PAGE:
Friday, January 29, 2016

book review: Liar

When Rob Roberge learns that he's likely to have developed a progressive memory-eroding disease from years of hard living and frequent concussions, he is terrified by the prospect of becoming a walking shadow. In a desperate attempt to preserve his identity, he sets out to (somewhat faithfully) record the most formative moments of his life—ranging from the brutal murder of his childhood girlfriend, to a diagnosis of rapid-cycling bipolar disorder, to opening for famed indie band Yo La Tengo at The Fillmore in San Francisco. But the process of trying to remember his past only exposes just how fragile the stories that lay at the heart of our self-conception really are. 
As Liar twists and turns through Roberge’s life, it turns the familiar story of sex, drugs, and rock ‘n’ roll on its head. Blackly comic and brutally frank, it offers a remarkable portrait of a down and out existence cobbled together across the country, from musicians’ crashpads around Boston, to seedy bars popular with sideshow freaks in Florida, to a painful moment of reckoning in the scorched Wonder Valley desert of California. As Roberge struggles to keep addiction and mental illness from destroying the good life he has built in his better moments, he is forced to acknowledge the increasingly blurred line between the lies we tell others and the lies we tell ourselves.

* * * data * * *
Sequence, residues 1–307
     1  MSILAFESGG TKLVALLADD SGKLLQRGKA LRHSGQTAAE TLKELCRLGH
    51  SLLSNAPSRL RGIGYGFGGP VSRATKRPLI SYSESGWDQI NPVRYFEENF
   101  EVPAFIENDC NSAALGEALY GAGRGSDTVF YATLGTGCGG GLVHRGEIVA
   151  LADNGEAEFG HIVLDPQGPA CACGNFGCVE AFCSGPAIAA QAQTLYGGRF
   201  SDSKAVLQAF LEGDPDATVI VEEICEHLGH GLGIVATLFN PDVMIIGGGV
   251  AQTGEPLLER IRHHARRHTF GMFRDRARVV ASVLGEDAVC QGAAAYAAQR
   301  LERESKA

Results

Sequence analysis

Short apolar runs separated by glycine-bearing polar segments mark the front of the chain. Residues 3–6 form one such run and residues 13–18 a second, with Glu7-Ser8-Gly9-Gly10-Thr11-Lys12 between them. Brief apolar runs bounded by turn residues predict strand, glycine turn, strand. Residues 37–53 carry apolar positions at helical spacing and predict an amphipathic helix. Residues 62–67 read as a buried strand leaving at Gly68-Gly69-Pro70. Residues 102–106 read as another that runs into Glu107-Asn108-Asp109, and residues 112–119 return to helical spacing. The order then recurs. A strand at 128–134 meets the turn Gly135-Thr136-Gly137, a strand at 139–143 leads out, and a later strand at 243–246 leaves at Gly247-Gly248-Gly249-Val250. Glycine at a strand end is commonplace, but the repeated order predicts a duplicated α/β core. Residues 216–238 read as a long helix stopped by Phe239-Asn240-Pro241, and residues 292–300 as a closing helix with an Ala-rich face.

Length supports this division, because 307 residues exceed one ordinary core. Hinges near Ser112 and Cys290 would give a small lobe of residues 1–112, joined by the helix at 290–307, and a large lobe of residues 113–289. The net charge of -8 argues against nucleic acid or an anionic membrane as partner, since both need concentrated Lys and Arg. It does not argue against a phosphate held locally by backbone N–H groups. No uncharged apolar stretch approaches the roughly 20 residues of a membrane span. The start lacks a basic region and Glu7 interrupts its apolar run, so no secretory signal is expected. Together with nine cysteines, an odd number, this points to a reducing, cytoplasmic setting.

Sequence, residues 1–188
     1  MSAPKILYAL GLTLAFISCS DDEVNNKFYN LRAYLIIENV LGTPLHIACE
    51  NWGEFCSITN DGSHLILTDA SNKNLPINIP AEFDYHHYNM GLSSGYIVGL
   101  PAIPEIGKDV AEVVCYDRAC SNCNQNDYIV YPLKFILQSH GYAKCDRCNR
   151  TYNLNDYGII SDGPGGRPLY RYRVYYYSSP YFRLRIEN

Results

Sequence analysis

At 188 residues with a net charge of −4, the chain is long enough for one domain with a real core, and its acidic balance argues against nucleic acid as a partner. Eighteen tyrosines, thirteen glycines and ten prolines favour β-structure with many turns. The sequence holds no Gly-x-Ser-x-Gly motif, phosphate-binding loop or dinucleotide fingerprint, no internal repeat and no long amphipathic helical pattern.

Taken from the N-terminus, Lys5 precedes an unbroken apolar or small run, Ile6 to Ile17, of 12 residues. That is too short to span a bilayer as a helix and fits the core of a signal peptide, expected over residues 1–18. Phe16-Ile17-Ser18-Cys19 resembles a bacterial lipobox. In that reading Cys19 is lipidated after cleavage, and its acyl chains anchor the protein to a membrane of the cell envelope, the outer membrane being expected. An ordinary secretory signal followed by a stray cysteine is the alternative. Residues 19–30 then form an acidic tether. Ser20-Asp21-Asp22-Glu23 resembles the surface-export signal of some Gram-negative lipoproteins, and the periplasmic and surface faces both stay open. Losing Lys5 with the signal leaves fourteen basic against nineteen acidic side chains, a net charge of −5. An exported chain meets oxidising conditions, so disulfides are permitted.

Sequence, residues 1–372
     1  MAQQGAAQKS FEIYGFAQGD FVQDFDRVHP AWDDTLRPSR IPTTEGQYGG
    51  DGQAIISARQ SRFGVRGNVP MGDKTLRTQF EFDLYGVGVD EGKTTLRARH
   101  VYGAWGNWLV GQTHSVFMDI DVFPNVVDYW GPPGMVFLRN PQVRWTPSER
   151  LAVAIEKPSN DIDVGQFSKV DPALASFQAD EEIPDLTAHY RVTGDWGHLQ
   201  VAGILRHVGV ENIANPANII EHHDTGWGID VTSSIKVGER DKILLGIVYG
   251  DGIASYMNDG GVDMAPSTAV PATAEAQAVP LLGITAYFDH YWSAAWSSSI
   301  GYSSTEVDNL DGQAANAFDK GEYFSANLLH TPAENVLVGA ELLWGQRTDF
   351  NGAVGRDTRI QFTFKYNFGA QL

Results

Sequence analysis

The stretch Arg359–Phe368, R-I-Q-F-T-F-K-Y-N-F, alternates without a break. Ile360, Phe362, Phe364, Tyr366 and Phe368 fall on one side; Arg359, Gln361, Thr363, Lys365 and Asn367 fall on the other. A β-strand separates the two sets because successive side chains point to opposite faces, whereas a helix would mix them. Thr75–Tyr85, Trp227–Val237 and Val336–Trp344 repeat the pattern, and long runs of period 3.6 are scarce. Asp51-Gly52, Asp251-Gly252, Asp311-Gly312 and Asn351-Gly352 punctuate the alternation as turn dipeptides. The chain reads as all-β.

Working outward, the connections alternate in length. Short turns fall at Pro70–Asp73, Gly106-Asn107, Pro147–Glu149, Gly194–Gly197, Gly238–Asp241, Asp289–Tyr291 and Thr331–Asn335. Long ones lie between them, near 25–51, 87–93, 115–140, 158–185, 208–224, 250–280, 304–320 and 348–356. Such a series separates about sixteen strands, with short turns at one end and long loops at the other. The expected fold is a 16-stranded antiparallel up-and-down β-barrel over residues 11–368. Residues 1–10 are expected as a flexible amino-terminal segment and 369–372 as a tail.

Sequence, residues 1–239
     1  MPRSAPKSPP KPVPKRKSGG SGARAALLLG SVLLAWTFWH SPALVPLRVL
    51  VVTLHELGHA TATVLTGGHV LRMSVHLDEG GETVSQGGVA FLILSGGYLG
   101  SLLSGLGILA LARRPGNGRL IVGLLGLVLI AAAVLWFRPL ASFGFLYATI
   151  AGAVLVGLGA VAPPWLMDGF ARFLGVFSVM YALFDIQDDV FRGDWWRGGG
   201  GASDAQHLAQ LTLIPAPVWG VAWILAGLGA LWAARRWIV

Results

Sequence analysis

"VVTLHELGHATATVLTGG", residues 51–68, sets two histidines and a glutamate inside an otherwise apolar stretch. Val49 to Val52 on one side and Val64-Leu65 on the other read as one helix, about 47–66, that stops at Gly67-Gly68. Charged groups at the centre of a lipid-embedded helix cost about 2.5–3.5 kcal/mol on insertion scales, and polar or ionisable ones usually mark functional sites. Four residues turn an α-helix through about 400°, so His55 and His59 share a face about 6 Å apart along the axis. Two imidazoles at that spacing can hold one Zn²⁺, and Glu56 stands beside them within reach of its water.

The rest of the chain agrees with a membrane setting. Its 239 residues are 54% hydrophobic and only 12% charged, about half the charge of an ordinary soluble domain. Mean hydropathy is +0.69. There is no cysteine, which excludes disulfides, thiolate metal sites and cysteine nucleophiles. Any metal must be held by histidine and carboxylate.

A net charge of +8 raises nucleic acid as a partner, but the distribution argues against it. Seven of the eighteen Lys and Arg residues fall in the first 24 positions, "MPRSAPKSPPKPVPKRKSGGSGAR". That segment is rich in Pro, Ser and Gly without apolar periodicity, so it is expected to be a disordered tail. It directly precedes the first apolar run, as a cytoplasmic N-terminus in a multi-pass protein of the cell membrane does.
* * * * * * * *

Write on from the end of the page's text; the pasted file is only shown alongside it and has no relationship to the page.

My Review:
This book speaks volumes about the struggles and consequences of addiction without ever sounding self deprecating or remorseful.
At the same time, it doesn't once glorify alcohol or drugs or mental illness. It never presents itself as "look at me, I've been through more than you!" What I love about this book is that it wasn't written for an audience. It was written for the author, who despite sufferings and embarrassments, doesn't want to forget.
Lately I've been smoking more and drinking wine at night. This book made me look at myself. Even though I may not be nearly as far gone as the author was, there isn't anything saying it couldn't happen to me. The author's dry wit is tactful, making the book entertaining to read without sugar coating the hard stuff. The one area I really struggled with while considering my review was whether I would get this book as a gift for someone. I'd definitely recommend it to people, but wouldn't quite buy one for them.
My recommendation: splurge on the hard copy, and spread the word.
I received this book from the publisher in exchange for an honest review.

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